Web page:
This review will be a double-feature, taking a look at both Gravity Bone and Thirty Flights of Loving, since Gravity Bone is included in the package. Keep in mind, however, that Gravity Bone was released as freeware, and while I do not recommend Thirty Flights of Loving at all, Gravity Bone is something that I recommend highly.
Gravity Bone is neat for a number of reasons. Despite being low-tech, the art style is quite striking, and it is used to great effect in a couple of set-pieces within the game. In fact, it is one of the few things that is retained in its sequel, Thirty Flights of Loving. Gravity Bone itself is quite short however, involving only a couple of missions with various objectives. All of this is done in the first-person perspective, but the game is not what you would call a first-person shooter. Now, I do wish that there was more to the game, as the missions themselves play out nicely, and they work as an excellent demonstration on how to engage the player without having them shoot at things constantly, which is often the case in the first-person games that it resembles. And the game comes together wonderfully at the end, with a fast-paced end sequence, and an ending that is on the good side of eccentric and confusing, which wraps up the tale very well. All taking place with full input of the player, save for the end sequence. But here this brief absence of control is justified perfectly within the contextual landscape the game has painted.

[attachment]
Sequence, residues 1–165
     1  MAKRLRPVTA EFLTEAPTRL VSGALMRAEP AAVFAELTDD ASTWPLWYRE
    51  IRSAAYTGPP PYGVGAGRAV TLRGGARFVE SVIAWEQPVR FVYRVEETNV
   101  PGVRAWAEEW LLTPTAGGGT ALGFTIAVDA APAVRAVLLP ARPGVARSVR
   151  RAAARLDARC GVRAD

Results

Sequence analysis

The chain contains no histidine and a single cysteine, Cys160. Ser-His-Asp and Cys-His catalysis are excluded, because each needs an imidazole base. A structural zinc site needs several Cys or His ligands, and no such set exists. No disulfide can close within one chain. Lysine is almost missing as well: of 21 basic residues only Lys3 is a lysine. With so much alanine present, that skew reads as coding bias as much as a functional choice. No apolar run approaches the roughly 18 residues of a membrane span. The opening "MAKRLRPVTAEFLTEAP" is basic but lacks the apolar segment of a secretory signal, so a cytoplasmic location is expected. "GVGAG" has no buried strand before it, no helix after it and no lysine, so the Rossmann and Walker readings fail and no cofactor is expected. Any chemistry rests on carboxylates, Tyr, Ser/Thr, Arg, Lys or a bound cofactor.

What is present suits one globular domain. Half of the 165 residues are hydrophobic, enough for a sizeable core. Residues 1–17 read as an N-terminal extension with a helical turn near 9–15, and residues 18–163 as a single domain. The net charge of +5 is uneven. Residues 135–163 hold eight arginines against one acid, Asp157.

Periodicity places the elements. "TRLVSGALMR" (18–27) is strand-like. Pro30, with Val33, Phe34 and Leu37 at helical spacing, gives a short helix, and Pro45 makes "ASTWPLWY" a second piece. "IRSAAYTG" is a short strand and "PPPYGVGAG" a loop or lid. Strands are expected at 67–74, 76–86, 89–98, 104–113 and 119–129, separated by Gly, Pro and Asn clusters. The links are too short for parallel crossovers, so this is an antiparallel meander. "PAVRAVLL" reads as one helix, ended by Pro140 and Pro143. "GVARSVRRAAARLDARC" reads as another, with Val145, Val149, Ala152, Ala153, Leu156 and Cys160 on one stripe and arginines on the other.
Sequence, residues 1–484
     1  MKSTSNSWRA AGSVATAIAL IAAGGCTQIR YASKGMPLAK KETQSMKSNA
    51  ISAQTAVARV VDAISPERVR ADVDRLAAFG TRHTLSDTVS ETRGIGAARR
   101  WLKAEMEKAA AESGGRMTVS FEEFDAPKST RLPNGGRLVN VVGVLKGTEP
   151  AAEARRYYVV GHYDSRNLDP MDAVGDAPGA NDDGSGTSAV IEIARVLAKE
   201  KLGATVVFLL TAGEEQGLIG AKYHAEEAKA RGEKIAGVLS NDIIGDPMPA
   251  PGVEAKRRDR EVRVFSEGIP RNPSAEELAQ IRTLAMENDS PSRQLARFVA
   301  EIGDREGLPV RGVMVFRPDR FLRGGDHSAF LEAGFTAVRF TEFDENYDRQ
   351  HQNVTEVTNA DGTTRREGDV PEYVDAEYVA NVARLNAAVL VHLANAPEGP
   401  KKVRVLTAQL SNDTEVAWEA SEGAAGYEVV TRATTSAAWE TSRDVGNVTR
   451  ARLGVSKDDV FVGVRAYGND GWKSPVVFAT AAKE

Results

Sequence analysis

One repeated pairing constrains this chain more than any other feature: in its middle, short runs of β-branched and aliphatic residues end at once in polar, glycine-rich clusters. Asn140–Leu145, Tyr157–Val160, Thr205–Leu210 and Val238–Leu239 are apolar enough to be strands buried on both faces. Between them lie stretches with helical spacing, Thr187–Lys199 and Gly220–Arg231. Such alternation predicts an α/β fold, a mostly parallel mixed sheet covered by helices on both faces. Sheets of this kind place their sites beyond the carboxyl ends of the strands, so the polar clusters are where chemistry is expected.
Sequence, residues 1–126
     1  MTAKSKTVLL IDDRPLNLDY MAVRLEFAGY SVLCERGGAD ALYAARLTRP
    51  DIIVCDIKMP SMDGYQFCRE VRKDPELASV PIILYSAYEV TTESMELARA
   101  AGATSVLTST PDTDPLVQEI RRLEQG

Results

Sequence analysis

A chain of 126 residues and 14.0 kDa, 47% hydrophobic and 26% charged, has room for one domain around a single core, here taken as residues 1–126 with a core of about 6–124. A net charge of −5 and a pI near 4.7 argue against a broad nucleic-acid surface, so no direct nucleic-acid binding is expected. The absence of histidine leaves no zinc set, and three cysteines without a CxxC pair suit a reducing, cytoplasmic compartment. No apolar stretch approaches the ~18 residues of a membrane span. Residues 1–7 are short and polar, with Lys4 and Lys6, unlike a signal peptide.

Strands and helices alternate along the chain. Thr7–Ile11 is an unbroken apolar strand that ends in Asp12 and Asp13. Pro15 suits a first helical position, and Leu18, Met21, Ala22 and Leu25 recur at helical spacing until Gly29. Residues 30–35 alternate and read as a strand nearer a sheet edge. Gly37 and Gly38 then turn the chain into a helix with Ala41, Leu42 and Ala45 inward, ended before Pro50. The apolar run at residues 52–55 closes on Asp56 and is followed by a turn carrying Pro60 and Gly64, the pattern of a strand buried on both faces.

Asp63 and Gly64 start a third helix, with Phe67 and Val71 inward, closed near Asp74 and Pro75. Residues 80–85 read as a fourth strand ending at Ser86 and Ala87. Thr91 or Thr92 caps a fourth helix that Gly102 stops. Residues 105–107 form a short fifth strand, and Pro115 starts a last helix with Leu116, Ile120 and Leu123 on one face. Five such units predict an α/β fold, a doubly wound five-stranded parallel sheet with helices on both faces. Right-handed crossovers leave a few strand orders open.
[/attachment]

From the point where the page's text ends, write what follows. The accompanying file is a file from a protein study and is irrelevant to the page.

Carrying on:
So while Gravity Bone is a demonstration of where first-person games could take us, Thirty Flights of Loving instead presents us with a few brief minutes of scarcely interactive slideshow, composed of random elements devoid of context, all taking place along a non-linear timeline. It is a mess of a presentation, and one which is just plain confusing, and there ends up being nothing thought provoking at all in the experience. What it does have are some references to Gravity Bone, but those come off as disconnected and pointless, as well as other similarly ineffective references to other things which have no bearing to what you are doing. However, there are some hidden environmental details that are revealed if you pay attention, but they have no real bearing within Loving's framework, given how non-interactive the experience is.
Now, I would not normally be so harsh on a sequel for being different. However in this case, not only is it different, those new features only detract from the experience. All that Thiry Flights of Loving manages to be, is a slideshow of variously surreal and not-so-surreal scenes cobbled together, and which do not actually require the player to be present in the slightest, and the entire game is over in under ten minutes. Where Gravity Bone was an engaging and impressive demonstration of how you could tell a story in the first-person, Thirty Flights of Loving is just an incomplete set of narrative fragments which are left to the played to struggle to reconstruct. Even then, without any real input from the player, one must wonder what motivation the player is meant to have to attempt this, when the fragments are so far-flung, and the reward for collecting them so unsatisfying.
As far as picking up this game goes, you could say that you picked it up in order to give some recognition to Gravity Bone. But by itself, there really is no reason whatsoever to play Thirty Flights of Loving.
Posted: November 25th, 2013